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REVIEW – I’ve reviewed or purchased several electric bikes over the past few years, and I’m starting to fully comprehend how diverse the market is these days. There are bikes catered to commuters (some needing to carry or pack the bikes into transport or storage areas), delivery drivers, recreational enthusiasts, adventure seekers, and the truly insane. My collection of regularly used bikes has increased for different purposes, like a cargo bike for errands around the town with our child and folding fat tire bikes for fun (or to divide and conquer different errands after an event traveled to with our car). The Aniioko Aq177 Pro Max electric bike caught my eye as a type of bike I hadn’t even considered in my own life yet (though I’d seen similar ones around): a moped-style bike. Add in a massive battery (and therefore a massive range) and decent top speed and I volunteered to check it out.
What is it?
The Aniioko Aq177 Pro Max electric bike is a long range and high powered model (for the price point). It’s among the longest range bikes on the market, and from my market research, you have to double your spend to get significantly more powerful bikes (which are often dangerous for the untrained rider). The bike almost feels like a hybrid between a moped and a bike, putting emphasis on the throttle-only cruising while still being functional as a bike at the same time.
What’s in the box?
- Aniioko Aq177 Pro Max electric bike
- Rear cushion
- Fenders (x2)
- Battery charger
- Keys (battery and NFC discs)
- Set of pedals
- Front light
- Tool kit
- User manual
- Battery: 60 Ah @ 48V, Lithium
- Motor: 48V 750W Brushless motor (1200W peak)
- Torque: 80 Nm
- Charger: 54.6V 8A Smart Charger
- Controller: 48V 25A
- Charge time: ~8 hours
- Range (throttle only): 100+ miles
- Range (pedal assist): 200+ miles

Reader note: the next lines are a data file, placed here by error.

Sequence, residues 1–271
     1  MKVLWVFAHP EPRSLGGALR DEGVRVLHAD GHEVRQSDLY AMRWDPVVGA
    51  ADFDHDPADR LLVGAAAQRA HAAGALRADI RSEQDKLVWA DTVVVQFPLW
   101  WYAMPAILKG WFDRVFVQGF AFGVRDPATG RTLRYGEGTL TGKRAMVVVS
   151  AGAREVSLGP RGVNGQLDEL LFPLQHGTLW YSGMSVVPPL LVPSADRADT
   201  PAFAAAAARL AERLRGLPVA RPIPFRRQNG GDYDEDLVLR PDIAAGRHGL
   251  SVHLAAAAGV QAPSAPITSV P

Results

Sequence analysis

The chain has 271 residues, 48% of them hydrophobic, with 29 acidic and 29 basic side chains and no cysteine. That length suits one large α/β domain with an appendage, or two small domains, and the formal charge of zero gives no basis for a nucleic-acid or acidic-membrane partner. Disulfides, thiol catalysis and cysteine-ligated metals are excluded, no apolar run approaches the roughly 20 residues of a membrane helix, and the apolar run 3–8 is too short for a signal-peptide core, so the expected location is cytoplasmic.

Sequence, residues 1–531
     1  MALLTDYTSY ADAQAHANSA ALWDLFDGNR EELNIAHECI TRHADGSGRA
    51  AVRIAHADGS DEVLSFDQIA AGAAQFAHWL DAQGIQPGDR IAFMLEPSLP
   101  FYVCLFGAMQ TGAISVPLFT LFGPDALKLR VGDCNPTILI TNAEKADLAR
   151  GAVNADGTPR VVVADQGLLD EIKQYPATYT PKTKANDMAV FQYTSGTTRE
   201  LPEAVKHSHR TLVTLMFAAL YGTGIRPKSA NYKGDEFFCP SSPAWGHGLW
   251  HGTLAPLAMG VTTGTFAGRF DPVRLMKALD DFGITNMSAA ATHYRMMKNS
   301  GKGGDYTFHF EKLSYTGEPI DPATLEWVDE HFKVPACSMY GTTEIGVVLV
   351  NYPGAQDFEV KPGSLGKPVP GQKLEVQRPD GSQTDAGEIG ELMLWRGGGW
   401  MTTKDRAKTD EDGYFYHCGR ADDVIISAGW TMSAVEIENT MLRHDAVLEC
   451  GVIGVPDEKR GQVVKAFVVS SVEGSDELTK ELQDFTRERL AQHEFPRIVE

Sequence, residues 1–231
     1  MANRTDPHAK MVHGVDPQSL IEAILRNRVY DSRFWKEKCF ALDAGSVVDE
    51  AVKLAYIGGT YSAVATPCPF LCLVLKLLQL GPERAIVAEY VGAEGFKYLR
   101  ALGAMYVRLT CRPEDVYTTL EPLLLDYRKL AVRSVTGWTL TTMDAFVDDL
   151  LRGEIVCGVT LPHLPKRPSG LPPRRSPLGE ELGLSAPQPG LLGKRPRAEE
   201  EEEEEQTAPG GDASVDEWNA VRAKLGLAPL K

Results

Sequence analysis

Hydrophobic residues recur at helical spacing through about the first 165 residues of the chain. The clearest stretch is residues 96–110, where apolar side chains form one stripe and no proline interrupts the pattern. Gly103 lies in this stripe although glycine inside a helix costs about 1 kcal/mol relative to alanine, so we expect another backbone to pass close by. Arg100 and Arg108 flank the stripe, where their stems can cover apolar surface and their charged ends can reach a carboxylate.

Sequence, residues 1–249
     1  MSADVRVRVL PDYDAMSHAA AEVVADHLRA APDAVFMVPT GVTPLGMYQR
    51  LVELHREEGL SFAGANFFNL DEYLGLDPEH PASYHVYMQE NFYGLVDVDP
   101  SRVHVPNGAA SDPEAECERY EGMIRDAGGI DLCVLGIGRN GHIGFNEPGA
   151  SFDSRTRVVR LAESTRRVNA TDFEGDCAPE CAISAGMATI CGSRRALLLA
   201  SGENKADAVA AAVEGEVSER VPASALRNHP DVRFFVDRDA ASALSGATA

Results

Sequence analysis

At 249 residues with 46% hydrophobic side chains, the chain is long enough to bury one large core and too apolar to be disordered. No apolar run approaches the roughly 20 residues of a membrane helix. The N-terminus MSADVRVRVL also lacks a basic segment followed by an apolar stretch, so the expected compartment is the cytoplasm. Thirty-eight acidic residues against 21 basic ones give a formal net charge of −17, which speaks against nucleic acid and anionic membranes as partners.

- Tires: 20″ x 4.0″ fat tires
- Gear shifter: Shimano 7 speed
- Max speed: 28 Mph
- Throttle: Full-twist throttle
- Lights: Motorcycle style front light / Rear turn signals / rear brake lights
- Brakes: Hydraulic disks with 180mm rotors (extra thick)
- Front suspension: Hydraulic suspension front fork
- Horn: Electric
- PAS levels: 5
- Recommended rider height: 5’3″ – 6’5″
- Bike Weight: 112 lbs (including 33 lbs removable battery)
- Rear seat/rack load: 55 lbs
- Dimensions: 68″ x 27″ x 44″
- E-bike class: Class 3
- IP level: IPX6
Design and features
The Aniioko Aq177 Pro Max electric bike has a fairly unique design with its square-root sign shaped frame, blending bicycle and moped/motorcycle elements together. The entire construction is sturdy metal, with midrange bike components throughout (and of course that massive battery). The battery is removable, and if you put it on a bike rack you’ll probably want to remove it and STILL make sure your rack can handle the weight of the bike (it was JUST under the cutoff for our e-bike hitch rack without the battery). I like the included rear seat, but it went into storage for now (since our child is way too small for this) and I purchased a back rack from Aniioko that you’ll spot in some of my review photos which was great for carrying stuff around.
Above is another angle of the bike as a whole, and below is a gallery of individual parts with my thoughts (you can click on any of them for a larger version):
Overall, I think the Aniioko Aq177 Pro Max electric bike is a well built bike, though it’s heavy enough to really cause some damage if you hit something or someone- be careful out there.
The setup was similar to how most e-bikes are shipped these days so I’ll focus mostly on what was different for the Aniioko Aq177 Pro Max electric bike. First up, the handlebars have a slightly different design than most bikes, though the mounting hardware was the same: a four-bolt clamp system, just attached lower on the front than usual.
Next, during tire inflation, the back tire wasn’t taking air, and it turns out the tube had completely blown out during shipping. The front tire was very over inflated so I’m guessing the back was also overinflated from the factory and then burst during shipment.